Craniofacial Reconstruction is a surgical procedure to reconstruct the facial bone structure. Replacing a facial bone with microsurgery techniques is an alternative performed by professionals qualified who work with magnification techniques in order to unite arteries, veins and nerves.
Diagnosis of the need for craniofacial reconstruction depends on the cause of the abnormality, injury, or disfigurement. Some genetic disorders that are associated with congenital facial abnormalities, including Down syndrome and Treacher Collins syndrome, can be detected before birth by chromosomal analysis. In adults, the diagnosis is usually made by trauma surgeons in the emergency room or by physicians who have treated the patient for cancer.
Depending on the unions, known as anastomoses, the craniofacial reconstruction procedure can be performed with magnifying glasses or a microscope. The craniofacial reconstruction procedure can also be performed together with a Maxillofacial surgeon or a Craniomaxillofacial surgeon.
Bone transplantation might, according to the case, be associated with a transplantation of skin and muscle. The most frequent is jaw reconstruction.
The craniofacial reconstruction surgery takes several hours, especially because the craniofacial reconstruction procedure is carefully performed. The complete treatment is done in several surgeries so usually the patient requires some extended time to get full recover. On average, the patient has at least two craniofacial reconstruction surgeries, leaving final surgery to treat a few asymmetries, taking care of some corrections or just to improve final results.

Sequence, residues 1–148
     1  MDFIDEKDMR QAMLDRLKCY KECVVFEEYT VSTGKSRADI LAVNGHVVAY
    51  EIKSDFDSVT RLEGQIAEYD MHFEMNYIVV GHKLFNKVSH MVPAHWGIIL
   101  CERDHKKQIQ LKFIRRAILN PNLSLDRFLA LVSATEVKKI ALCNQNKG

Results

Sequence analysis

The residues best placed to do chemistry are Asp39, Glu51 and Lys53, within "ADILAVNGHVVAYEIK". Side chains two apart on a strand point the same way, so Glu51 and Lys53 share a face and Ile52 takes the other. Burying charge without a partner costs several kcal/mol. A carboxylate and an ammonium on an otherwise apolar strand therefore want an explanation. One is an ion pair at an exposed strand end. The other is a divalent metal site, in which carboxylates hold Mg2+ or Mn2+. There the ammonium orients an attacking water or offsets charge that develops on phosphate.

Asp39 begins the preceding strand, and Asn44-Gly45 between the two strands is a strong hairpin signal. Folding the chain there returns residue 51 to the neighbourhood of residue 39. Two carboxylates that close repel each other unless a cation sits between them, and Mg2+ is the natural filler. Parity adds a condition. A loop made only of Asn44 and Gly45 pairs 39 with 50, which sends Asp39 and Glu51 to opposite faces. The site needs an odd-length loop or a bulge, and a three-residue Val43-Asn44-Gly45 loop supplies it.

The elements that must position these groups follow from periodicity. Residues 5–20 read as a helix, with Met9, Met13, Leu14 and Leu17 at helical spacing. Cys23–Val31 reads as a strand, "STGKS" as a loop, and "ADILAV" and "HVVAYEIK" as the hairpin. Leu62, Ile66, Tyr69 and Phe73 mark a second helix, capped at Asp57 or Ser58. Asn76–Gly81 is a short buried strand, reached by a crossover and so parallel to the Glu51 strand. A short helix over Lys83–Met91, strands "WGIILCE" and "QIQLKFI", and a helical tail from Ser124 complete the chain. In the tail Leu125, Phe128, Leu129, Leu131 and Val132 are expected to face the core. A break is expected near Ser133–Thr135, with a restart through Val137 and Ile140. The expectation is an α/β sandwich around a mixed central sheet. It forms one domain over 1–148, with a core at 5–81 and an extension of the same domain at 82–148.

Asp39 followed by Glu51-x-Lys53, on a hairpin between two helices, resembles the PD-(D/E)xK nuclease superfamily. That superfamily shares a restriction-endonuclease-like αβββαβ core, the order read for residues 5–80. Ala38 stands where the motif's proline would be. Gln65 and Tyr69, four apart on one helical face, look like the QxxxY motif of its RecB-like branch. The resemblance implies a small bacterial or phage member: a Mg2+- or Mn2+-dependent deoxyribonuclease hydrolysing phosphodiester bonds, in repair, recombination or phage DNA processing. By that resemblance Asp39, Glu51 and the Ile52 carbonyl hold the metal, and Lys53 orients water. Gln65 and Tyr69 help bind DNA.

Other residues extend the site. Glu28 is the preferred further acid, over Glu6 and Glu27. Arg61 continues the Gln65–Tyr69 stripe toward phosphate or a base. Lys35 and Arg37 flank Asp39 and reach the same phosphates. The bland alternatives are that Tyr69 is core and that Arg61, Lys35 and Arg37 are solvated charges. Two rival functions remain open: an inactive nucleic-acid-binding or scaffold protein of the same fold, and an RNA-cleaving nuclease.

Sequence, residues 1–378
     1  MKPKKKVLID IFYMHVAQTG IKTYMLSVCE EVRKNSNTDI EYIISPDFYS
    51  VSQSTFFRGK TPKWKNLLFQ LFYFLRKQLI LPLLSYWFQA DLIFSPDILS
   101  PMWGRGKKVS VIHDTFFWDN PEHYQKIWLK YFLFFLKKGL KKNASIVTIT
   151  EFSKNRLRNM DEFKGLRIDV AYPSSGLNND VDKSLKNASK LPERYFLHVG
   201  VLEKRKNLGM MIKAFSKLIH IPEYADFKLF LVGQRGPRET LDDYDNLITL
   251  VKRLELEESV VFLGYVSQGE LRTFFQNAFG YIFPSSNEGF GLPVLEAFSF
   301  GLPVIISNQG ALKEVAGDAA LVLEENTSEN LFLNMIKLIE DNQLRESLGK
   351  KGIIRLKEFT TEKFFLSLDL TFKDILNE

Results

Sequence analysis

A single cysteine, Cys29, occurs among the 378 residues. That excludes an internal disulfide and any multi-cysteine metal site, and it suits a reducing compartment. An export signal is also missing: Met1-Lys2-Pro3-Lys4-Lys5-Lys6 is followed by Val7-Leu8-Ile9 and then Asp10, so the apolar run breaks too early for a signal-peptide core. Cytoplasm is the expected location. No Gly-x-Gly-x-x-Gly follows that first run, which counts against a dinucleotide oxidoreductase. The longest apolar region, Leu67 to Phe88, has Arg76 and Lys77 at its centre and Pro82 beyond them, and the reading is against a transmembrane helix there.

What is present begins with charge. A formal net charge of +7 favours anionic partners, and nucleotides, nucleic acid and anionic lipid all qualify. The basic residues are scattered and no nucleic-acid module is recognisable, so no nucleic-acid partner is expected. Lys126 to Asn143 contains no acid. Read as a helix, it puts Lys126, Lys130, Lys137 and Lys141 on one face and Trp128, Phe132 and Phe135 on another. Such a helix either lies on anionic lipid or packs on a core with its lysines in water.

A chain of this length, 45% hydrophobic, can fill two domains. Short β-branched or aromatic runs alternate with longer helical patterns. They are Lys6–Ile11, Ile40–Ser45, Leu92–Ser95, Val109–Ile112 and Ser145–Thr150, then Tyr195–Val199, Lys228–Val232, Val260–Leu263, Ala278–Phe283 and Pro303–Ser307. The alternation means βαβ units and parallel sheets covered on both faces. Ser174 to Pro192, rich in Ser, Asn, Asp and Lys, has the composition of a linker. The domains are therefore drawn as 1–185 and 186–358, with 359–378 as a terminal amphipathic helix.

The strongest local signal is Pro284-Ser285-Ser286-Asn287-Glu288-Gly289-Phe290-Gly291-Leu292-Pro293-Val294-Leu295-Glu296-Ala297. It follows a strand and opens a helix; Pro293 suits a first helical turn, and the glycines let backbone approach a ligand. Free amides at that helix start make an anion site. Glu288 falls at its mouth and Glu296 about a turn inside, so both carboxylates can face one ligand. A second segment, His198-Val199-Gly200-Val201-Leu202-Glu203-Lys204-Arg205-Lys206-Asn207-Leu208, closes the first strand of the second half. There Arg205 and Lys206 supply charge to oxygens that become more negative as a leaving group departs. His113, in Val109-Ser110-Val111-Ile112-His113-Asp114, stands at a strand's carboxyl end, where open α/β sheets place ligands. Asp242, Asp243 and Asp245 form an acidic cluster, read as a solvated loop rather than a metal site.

Craniofacial reconstruction of congenital abnormalities requires a team of medical specialists, including plastic surgeons, maxillofacial surgeons, neurosurgeons, dentists, ophthalmologists, and psychiatrists.
Craniofacial reconstruction following trauma is started as soon as possible once the patient's general condition is stable. Although at one time surgeons delayed the treatment of disfiguring injuries for several weeks, recent studies have found that early treatment produces better results as well as minimizing the need for a revised plastic surgery. These craniofacial reconstruction procedures can be started in a hospital emergency room or done in a specialized trauma center. Facial injuries resulting from burns or electrical trauma may be treated at special burn centers.